South Carolina – Last year, there was a slight increase in home foreclosures, a change experts attribute to the housing market stabilizing after the unpredictable period following COVID-19. This was noted by ATTOM, a company that analyzes real estate data. Some South Carolina metropolitan areas found themselves on the top of the list when it comes highest foreclosure activities in the nation. But experts believe that things might shift in an opposite direction sooner than we think.
In 2023, foreclosures, including notices of default, planned auctions, and banks taking back properties, went up by 10% from 2022 and 136% from 2021. But, they were still 30% lower than in 2019, before COVID-19 impacted the housing market.
Over 357,000 homes were in the process of foreclosure in 2023, representing 0.26% of all U.S. homes. This is a slight increase from the previous year but lower than the 0.36% in 2019 and much lower than the peak over ten years ago when 2.23% of homes were in foreclosure.
“We see the recent rise in foreclosure activity as a market correction rather than a cause for alarm. It signals a return to more traditional patterns after years of volatility,” ATTOM CEO Rob Barber said in a statement. “Our data suggests that while foreclosure activity may fluctuate, it’s unlikely to approach the highs seen in the last decade.”
Foreclosures could rise if certain economic trends shift
A spokesperson at ATTOM told Newsweek in a follow-up email that if certain economic trends shift, foreclosures could rise.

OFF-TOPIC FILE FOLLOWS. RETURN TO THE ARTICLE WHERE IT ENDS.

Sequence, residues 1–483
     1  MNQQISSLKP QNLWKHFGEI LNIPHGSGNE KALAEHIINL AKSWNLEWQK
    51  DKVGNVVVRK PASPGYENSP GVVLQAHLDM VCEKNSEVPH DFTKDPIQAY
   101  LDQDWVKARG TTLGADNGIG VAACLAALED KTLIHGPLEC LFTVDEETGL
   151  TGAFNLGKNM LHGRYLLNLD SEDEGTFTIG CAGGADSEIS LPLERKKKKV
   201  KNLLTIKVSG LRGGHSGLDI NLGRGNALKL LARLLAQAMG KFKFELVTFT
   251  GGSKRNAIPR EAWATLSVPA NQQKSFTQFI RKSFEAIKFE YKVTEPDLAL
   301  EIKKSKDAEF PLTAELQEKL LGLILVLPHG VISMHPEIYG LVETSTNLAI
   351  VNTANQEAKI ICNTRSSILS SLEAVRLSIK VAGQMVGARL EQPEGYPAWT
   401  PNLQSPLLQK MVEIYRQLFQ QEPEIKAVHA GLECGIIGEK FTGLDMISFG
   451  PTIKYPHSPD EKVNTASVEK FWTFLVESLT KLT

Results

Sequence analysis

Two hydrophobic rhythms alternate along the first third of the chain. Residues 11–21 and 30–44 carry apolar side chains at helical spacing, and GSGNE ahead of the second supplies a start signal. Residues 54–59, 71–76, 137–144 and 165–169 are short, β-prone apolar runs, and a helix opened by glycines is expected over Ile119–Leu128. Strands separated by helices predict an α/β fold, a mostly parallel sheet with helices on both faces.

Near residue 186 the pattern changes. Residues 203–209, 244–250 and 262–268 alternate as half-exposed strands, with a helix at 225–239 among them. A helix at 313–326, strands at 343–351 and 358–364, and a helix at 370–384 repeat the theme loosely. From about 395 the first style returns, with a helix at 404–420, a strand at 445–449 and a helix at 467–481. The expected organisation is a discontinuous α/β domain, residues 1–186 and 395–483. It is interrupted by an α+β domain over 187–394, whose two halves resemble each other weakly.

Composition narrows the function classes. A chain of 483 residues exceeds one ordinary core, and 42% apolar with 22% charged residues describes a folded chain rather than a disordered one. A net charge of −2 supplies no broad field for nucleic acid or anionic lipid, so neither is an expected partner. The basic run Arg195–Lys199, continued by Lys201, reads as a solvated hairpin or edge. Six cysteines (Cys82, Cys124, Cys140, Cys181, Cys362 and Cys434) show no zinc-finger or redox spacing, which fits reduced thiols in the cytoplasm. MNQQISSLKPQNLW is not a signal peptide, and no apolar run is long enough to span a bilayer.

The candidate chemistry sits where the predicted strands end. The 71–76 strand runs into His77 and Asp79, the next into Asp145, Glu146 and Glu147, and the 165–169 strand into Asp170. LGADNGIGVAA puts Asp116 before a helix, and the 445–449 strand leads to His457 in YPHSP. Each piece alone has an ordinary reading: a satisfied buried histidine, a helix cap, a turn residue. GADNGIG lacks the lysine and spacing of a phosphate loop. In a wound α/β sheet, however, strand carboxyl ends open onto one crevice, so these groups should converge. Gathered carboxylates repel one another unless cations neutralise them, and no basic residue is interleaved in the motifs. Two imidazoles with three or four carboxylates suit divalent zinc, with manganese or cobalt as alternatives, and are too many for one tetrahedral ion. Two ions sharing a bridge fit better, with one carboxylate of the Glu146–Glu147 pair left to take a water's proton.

“If we see home prices decline, this could potentially lead to negative equity. And if unemployment rates continue to rise, we may see more and more people not able to make their mortgage payments,” said Jennifer von Pohlmann, a senior director of public relations at ATTOM.
In December, the number of homes going into foreclosure dropped by 6% from the previous month and was 2% lower than the same period last year. This information comes from ATTOM, which bases its reports on public records and foreclosure filings in over 3,000 counties nationwide.
Columbia had one the highest foreclosure activity in the nation
The states with the highest foreclosure rates in 2023 were New Jersey, Illinois, Delaware, Maryland, and Ohio. Cities with the most foreclosure activity included metropolitan areas of Atlantic City in New Jersey, Lakeland in Florida, Columbia in South Carolina, and Fayetteville in North Carolina.
Rob Barber, the CEO of ATTOM, mentioned that the foreclosure trends in 2023 show that the housing market is currently more unpredictable compared to its state during the pandemic.
“We foresee a market that is more reflective of broader economic trends, with foreclosure filings becoming a more predictable aspect of the housing landscape,” he said. “This shift offers a silver lining—the opportunity for investors, homeowners, and industry professionals to plan and strategize with greater confidence and insight.”
ATTOM’s representative explained that various factors, like the current high interest rates set by the Federal Reserve to control inflation, along with housing prices and unemployment rates, will influence future foreclosure trends.
Interest rates to blame for high foreclosure rates
Pohlmann pointed out that as interest rates rise, homeowners with adjustable-rate mortgages might face higher mortgage payments, which could lead to an increased risk of foreclosure.
In 2023, over 270,000 homes in the U.S. experienced the initiation of foreclosure by lenders, a 9% increase from 2022. States like California, Texas, and Florida had the highest numbers. Interestingly, bank repossessions dropped by 2% from 2022, with Michigan, Pennsylvania, and California seeing the most, as reported by ATTOM’s data.